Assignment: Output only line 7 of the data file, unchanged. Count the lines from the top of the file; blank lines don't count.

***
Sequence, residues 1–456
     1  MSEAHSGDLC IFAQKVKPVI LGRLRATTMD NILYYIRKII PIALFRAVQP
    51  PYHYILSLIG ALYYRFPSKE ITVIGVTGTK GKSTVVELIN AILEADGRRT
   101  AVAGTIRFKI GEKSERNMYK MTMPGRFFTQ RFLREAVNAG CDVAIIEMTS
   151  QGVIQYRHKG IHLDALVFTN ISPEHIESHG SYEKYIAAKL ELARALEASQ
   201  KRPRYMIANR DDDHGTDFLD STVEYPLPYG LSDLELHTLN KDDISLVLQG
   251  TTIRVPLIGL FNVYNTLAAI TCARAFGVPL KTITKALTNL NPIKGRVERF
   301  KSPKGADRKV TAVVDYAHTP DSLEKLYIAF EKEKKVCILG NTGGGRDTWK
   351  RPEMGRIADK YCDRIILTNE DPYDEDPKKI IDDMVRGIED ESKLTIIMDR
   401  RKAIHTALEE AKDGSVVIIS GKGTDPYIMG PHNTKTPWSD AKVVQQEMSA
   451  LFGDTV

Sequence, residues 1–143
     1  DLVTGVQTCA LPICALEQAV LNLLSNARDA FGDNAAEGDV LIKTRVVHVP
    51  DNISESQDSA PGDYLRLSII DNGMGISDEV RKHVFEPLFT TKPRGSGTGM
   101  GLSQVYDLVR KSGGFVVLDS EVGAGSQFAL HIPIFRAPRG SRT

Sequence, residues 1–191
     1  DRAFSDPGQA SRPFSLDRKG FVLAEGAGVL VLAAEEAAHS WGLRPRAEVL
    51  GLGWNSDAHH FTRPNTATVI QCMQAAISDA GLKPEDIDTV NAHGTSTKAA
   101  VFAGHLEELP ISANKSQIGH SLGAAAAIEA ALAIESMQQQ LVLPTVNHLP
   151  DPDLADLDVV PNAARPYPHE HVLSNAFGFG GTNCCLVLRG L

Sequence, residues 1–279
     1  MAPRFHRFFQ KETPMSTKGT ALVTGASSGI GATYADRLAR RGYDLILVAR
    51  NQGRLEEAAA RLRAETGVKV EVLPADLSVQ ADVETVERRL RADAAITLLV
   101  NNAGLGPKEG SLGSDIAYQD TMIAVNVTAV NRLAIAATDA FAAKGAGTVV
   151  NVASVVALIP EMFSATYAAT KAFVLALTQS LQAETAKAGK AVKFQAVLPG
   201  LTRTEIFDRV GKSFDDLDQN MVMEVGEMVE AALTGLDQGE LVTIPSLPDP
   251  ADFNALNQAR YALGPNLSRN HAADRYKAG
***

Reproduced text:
   251  TTIRVPLIGL FNVYNTLAAI TCARAFGVPL KTITKALTNL NPIKGRVERF